WASHINGTON (Reuters) – The White House on Thursday outlined a $ 1.75 trillion spending package that it hopes will pass Congress, around $ 555 billion on climate change includes.
That spending, plus the measures contained in a separate $ 1 trillion infrastructure bill, would represent the largest climate protection investment in US history if passed, even after several of the government’s original proposals on Combating global warming in the negotiations were undone.
An analysis by the Rhodium Group found that the provisions in these bills, along with executive action, could reduce greenhouse gas emissions by 45% to 51% below 2005 levels by 2030, within striking distance of the U.S. pledge to reduce emissions by 50% to 52% % to lower. this decade under the Paris Climate Agreement.
A deal on total spending comes after weeks of fighting between progressives and moderates within the Democratic Party who threaten to leave President Joe Biden empty-handed when he arrives for the UN climate change summit in Glasgow next week.
The following are the main provisions of the climate change bill:
* Clean Energy Tax Credits $ 320 Billion The bill would extend utility and residential clean energy tax credits, transmission and storage, building electrification and clean energy production to 10 years. These include a highly competitive electric vehicle tax credit of $ 12,500, credits for technologies from wind to green hydrogen, and an extension of a current tax credit of $ 50 / ton for power plants or industrial facilities that capture carbon before the greenhouse gas spills in the atmosphere gets underground. * Investing in Resilience $ 105 billion The bill includes investments and incentives to help the United States adapt to the worst effects of climate change from forest fires to hurricanes. The money will also be used to invest in communities near polluting facilities and to create a Civilian ClimateCorps, a modern version of the 1930s CivilianConservation Corps that would bring young people to work on public land. * Investing in clean energy technology, manufacturing and supply chain $ 110 billion. This would include targeted incentives to “kickstart new domestic supply chains and technologies,” possibly including solar, wind and other clean energy sources. The money would also be used to clean up sectors such as steel, cement and aluminum, which are among the largest emitters of greenhouse gases. * Procuring clean energy $ 20 billion. This money would be used by the government to buy clean technology for their own operations, “including long-term storage, small modular reactors and clean building materials.”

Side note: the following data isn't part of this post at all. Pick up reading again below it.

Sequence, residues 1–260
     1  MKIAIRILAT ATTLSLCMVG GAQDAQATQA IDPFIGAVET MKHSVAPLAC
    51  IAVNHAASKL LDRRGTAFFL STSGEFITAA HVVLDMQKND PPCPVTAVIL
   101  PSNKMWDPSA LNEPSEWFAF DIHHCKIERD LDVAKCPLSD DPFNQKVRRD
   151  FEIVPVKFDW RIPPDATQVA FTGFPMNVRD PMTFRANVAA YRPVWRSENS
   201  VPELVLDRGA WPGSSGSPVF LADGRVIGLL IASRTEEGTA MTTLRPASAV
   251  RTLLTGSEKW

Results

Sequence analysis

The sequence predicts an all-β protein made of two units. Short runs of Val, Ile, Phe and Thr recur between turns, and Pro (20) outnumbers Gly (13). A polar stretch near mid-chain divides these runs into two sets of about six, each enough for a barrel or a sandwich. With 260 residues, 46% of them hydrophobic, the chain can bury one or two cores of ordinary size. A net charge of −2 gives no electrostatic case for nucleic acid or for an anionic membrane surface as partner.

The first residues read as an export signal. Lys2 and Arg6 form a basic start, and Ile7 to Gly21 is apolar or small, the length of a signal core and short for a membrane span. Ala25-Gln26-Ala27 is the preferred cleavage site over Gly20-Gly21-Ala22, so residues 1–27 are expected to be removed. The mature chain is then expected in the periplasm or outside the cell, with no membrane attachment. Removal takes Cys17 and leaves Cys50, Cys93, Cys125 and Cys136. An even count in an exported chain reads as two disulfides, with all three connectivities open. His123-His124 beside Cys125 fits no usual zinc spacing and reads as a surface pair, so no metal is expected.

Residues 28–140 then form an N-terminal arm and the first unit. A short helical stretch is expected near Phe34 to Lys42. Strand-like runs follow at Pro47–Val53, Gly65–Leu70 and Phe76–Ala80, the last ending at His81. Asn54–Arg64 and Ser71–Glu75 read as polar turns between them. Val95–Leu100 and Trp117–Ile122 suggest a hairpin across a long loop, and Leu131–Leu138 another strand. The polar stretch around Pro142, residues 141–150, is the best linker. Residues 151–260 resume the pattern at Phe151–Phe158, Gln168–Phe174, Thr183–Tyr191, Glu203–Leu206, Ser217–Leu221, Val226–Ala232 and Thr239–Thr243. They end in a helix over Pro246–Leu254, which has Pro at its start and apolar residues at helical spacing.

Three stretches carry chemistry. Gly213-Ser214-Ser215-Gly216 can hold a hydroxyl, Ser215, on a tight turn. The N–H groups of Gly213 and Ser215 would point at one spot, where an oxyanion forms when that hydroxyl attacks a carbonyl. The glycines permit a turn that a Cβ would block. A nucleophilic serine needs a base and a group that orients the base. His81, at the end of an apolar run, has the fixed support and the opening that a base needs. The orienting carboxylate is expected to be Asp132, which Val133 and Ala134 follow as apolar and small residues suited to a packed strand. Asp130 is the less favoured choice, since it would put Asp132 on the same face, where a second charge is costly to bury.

(Reporting by Valerie Volcovici; editing by Alistair Bell)